WASHINGTON - Far from politics, six-term Senator Richard Lugar is considered a visionary who looked beyond US exuberance over the end of the Cold War and saw the dangers and opportunities in the collapse of a nuclear-armed Soviet Union.
In an age that worships whiz kids from Wall Street to Silicon Valley, the 80-year-old, soft-spoken Republican is widely described as a man ahead of his time, a thoughtful leader in the international arena who valued cooperation over partisanship.
In 1991, he collaborated with Democratic former senator Sam Nunn on landmark legislation to help the former Soviet states destroy and secure their weapons of mass destruction, a program still going full bore today with thousands of nuclear warheads eliminated and nearly a thousand long-range missiles destroyed.
That singular achievement in a 35-year Senate career that was focused heavily on foreign policy and national security made Lugar’s decisive defeat to Richard Mourdock in Tuesday’s Indiana primary painful for Republicans and Democrats alike. “I’m just devastated,’’ said Senator Susan Collins, a Maine Republican.
In a speech on the Senate floor Wednesday, Foreign Relations Committee chairman John F. Kerry, a Massachusetts Democrat, said Lugar “refused to allow this march to an orthodoxy about ideology and partisan politics to get in the way of what he thought was the responsibility of a senator and . . . the need of the country to have people come together and find the common ground.’’
— Associated Press
It’s no joke: Santorum backs Romney, sort of
Rick Santorum explained his late-night e-mail endorsement of Mitt Romney on late-night television Tuesday, telling comedian Jay Leno that he wanted the message to be “the first thing people would see in the morning.’’
Santorum e-mailed supporters around 11 p.m. Monday to say he was backing Romney, whom he once called “the worst Republican in the country to put up against Barack Obama.’’ The 16-paragraph e-mail came almost a month after Santorum dropped out of the race. It highlighted disagreements between the former rivals and did not mention the endorsement until the 13th paragraph.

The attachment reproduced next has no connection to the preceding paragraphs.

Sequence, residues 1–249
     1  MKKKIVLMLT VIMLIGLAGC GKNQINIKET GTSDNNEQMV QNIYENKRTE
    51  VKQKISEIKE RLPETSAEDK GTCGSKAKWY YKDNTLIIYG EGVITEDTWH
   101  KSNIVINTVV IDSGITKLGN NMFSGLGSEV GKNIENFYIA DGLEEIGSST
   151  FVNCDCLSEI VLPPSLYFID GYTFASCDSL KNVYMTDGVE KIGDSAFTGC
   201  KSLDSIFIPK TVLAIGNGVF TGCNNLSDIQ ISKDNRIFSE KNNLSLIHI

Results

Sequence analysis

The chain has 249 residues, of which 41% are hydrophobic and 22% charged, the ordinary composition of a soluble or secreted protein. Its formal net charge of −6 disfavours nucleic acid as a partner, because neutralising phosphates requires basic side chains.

The timing and tenor of Santorum’s announcement were perceived by some political observers as a slight of Romney.
“It seems kind of tepid, doesn’t it?’’ Leno asked on NBC’s “Tonight Show.’’
“It was a rough-and-tumble campaign,’’ Santorum said. “I can’t say that it would have been an easy thing the next day to turn around and say, you know, ‘Let’s just go forward.’ ’’
Leno also asked Santorum if he regretted the “worst Republican’’ label he attached to Romney in regards to the issue of health care.
“No,’’ Santorum responded. “I think, unfortunately, with Romneycare that he was the author of that, and that was clearly a predecessor to Obamacare.’’
— Callum Borchers
Inmate tops Obama in eight West Virginia counties
A man currently incarcerated in federal prison beat President Obama in eight West Virginia counties Tuesday, according to unofficial results of a Democratic primary in that state.
Keith Judd, 53, who is serving a 210-month sentence for extortion, won 42 percent of the statewide vote. Obama won the primary with 58 percent.
Judd’s performance was good enough to earn multiple delegates to the Democratic National Convention, but no one has registered as a Judd delegate. Derek Scarbro, who heads West Virginia’s Democratic Party, told the Charleston Gazette that it is unlikely Judd will actually be represented in Charlotte this September but said he is “researching it.’’
West Virginia, where Obama’s position on coal mining is widely unpopular, has been a source of embarrassment for the president in recent weeks. Two of the state’s top Democrats, Governor Earl Ray Tomblin and Senator Joe Manchin, have said they are unsure whether they will vote for Obama in November.— Callum Borchers